A couple of years ago I had an issue while I was travelling, which could have left me on the streets of Malaysia with no money and nowhere to stay for a week. I learnt a few things from that experience, and some that apply to my IT career. So, what happened?
In early 2010 I went on a trip that involved me going to China for a couple of weeks. I was there with a friend of mine, and when the stay in China was over, we went our separate ways. He went off to another country, and I had a few days before my flight back to Australia.
I decided that I had seen all I needed to see in China (where I was, anyway), and thought about seeing another country. I was in the south-east-Asia area anyway, and I thought I could stop over at another country for a few days before my original flight. So, I decided to fly into Kuala Lumpur (in Malaysia) for a few days. This would change my return flight from “China-Australia” to “China-Malaysia-China-Australia”.
I had it all organised. Flights booked, hotels booked, even a couple of things in KL planned like visiting the Petronas Towers. I gave myself enough time in between flights in case something went wrong or was delayed. As I was just transferring through China on the way back, I left a couple of hours in between to change flights. This would mean I wouldn’t exit the airport – I would just pick up my bags from my Malaysia-China flight, and get on my China-Australia flight.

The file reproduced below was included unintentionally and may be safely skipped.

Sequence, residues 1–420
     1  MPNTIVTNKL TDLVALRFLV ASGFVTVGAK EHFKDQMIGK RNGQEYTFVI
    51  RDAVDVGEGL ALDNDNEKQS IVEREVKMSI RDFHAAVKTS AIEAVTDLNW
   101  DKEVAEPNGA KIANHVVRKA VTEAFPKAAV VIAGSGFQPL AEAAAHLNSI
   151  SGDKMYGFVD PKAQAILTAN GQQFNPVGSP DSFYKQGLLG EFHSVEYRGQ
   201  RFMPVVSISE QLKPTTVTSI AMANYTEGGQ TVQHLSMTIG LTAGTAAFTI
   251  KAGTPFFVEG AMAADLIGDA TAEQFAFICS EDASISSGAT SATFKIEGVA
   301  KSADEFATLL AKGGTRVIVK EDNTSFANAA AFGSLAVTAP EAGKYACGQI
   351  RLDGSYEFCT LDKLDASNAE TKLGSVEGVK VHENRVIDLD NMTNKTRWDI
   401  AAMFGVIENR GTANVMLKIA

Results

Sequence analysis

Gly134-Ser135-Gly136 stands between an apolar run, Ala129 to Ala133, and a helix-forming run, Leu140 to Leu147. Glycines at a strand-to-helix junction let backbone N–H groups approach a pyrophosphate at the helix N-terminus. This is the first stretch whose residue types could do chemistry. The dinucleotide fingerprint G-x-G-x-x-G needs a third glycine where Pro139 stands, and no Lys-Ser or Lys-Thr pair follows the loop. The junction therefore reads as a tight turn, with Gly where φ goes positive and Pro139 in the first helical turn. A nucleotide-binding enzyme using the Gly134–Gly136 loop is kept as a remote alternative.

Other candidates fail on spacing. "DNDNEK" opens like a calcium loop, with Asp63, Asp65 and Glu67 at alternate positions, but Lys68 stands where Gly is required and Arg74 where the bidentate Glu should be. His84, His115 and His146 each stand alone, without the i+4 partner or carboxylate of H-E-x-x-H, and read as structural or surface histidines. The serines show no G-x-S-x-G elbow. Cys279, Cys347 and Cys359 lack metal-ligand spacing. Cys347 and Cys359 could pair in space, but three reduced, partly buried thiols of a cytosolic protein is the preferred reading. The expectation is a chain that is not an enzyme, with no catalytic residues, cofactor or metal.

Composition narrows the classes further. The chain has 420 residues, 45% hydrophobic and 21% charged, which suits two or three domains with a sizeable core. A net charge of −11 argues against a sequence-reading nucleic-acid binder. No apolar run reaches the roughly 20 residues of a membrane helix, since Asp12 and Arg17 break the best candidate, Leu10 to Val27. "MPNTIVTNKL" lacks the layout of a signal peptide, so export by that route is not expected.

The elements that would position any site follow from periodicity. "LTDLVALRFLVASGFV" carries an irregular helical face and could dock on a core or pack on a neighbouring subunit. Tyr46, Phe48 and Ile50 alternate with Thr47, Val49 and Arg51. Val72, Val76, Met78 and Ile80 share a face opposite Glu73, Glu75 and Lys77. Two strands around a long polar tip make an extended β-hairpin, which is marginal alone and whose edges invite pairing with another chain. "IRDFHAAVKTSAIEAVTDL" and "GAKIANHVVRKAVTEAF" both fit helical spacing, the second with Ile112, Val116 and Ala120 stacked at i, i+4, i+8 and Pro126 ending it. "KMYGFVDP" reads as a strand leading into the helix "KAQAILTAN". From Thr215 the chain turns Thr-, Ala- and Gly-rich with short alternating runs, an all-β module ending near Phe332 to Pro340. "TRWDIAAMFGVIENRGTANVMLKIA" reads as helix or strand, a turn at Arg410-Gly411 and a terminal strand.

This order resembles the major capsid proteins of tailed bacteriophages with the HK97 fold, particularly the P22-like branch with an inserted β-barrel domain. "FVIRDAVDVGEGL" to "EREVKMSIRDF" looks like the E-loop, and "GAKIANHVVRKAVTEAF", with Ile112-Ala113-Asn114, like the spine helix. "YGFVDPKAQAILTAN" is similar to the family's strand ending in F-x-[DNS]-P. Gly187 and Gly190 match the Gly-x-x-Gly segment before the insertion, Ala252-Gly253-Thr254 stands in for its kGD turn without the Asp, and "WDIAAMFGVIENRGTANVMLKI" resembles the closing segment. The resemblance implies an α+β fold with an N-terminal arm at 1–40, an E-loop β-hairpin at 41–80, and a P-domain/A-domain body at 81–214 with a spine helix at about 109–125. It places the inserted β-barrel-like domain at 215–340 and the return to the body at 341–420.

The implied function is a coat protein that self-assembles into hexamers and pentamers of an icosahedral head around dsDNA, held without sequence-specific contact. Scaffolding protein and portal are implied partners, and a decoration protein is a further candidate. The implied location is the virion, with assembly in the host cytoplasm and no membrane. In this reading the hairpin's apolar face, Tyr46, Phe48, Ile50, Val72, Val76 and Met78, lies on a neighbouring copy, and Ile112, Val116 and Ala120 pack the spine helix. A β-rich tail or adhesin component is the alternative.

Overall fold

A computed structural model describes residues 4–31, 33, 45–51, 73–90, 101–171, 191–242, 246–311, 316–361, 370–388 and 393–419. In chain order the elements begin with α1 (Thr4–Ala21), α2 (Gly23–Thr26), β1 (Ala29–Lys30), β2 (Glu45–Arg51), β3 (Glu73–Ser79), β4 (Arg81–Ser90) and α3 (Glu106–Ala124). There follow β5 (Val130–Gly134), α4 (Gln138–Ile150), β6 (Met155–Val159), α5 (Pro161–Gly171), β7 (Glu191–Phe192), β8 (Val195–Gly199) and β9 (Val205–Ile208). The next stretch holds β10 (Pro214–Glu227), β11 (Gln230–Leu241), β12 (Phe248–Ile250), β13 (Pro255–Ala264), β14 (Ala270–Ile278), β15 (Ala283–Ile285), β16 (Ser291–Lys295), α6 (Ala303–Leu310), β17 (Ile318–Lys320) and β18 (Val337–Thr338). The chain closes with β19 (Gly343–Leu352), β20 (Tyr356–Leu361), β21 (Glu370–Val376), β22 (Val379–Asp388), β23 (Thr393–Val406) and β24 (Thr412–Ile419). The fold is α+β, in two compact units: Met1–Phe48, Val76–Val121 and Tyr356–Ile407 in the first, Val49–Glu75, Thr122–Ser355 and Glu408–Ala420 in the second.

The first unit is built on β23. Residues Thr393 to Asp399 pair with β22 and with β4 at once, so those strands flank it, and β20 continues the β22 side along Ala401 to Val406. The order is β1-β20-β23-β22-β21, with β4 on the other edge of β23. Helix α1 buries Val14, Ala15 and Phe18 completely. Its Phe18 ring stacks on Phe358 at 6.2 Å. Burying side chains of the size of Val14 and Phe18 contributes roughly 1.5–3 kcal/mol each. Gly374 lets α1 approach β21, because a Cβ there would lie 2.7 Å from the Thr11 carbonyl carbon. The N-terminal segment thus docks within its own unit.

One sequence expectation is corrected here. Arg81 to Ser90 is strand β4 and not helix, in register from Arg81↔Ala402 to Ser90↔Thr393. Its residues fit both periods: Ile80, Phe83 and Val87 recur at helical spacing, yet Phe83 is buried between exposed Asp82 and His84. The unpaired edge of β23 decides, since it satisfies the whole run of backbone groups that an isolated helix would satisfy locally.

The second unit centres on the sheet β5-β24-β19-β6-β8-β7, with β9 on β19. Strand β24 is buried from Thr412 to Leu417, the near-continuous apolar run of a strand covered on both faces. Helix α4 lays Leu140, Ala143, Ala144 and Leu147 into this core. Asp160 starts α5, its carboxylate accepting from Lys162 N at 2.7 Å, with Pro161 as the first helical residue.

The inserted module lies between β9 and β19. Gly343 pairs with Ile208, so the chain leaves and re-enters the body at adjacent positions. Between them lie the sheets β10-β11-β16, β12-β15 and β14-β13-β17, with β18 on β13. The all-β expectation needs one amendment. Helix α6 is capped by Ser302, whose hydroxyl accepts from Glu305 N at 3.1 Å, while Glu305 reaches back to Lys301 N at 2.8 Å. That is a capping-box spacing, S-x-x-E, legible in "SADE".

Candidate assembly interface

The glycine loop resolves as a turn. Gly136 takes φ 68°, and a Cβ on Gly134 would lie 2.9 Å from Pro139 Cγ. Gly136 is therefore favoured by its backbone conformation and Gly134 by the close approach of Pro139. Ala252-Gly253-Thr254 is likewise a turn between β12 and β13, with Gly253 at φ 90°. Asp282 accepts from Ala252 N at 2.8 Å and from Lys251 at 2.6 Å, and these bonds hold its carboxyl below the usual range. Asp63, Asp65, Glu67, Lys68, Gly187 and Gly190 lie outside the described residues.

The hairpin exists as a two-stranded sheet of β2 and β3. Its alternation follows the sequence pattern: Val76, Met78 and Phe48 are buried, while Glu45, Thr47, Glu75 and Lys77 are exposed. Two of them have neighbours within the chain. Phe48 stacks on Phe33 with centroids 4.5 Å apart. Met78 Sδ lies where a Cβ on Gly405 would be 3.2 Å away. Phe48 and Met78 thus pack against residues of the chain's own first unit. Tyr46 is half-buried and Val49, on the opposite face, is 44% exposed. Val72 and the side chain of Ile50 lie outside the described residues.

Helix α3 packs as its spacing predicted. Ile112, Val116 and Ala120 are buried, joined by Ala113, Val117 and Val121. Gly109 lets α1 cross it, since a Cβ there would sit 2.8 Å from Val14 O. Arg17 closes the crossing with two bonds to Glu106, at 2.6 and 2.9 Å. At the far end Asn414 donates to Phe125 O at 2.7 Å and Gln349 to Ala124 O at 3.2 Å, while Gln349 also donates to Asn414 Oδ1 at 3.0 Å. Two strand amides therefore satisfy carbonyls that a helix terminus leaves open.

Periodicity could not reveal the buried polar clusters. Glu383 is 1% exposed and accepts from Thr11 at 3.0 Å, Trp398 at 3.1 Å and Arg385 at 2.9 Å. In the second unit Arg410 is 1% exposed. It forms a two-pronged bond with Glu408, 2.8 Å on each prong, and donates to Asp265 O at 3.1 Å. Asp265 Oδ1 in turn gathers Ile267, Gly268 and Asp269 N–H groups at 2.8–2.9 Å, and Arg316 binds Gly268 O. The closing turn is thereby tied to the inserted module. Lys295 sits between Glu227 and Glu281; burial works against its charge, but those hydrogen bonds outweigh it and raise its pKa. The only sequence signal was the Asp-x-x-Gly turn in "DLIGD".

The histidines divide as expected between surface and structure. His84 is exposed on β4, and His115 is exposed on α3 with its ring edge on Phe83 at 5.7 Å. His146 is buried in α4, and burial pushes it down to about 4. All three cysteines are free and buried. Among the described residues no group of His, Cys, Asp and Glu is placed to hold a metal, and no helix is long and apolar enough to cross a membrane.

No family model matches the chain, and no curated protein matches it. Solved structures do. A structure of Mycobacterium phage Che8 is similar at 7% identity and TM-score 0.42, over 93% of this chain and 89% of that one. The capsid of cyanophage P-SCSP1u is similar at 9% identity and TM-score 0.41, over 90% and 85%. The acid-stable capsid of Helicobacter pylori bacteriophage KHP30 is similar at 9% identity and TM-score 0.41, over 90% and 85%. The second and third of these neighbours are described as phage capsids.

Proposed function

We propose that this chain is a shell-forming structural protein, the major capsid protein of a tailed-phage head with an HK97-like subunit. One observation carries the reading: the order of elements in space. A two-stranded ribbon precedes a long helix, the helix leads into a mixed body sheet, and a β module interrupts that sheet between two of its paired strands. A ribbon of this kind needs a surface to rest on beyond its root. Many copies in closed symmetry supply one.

So, after a few days in Malaysia, it was time to go home. It was the end of my holiday (which was about six weeks total). When I got to the Malaysian airport, I got to the passport control section, and the people there were a bit confused about what I was doing. I explained to them that I was just “passing through” China to get my original flight back to Australia.
This is where things went downhill.
The visa that I had to enter China was a single-visit visa, which I was aware of. It allowed me one visit into China. This was OK with me, as I didn’t intend on leaving when I bought the visa a few months before my trip.
However, the airport staff in Malaysia explained to me that because I had this single-visit visa, I couldn’t re-enter China to go back home. Yes, even the airport counted. I couldn’t get my flight from Malaysia to China then to Australia.
So what did I do? The only option to me was to get home without going to China. Which meant booking another flight from Malaysia to Australia. I approached the ticket desk for my airline and tried to change my ticket – which they couldn’t do. They also said the next flight from that airport back to Melbourne was in a week’s time. It must have been a busy period, from memory it was around the time of Chinese New Year. I couldn’t even get a flight to another Australian city, such as Brisbane, and get a transfer!
I ended up walking around a few different airline company desks, trying desperately to find a flight back to Australia. I finally found one with a different company that had a flight back. It left in a couple of hours – from the other airport in the city, which was about 20 minutes away. Also, as it was the end of my trip, I didn’t have the cash on me to pay for the $800 flight. I had a credit card – but it was maxed out. This was quite a pickle!
I had to call my bank, from Malaysia, to ask for an on-the-spot increase to my limit, just so I could buy a plane ticket home! And get all of this done before the actual flight left, otherwise it was a waste!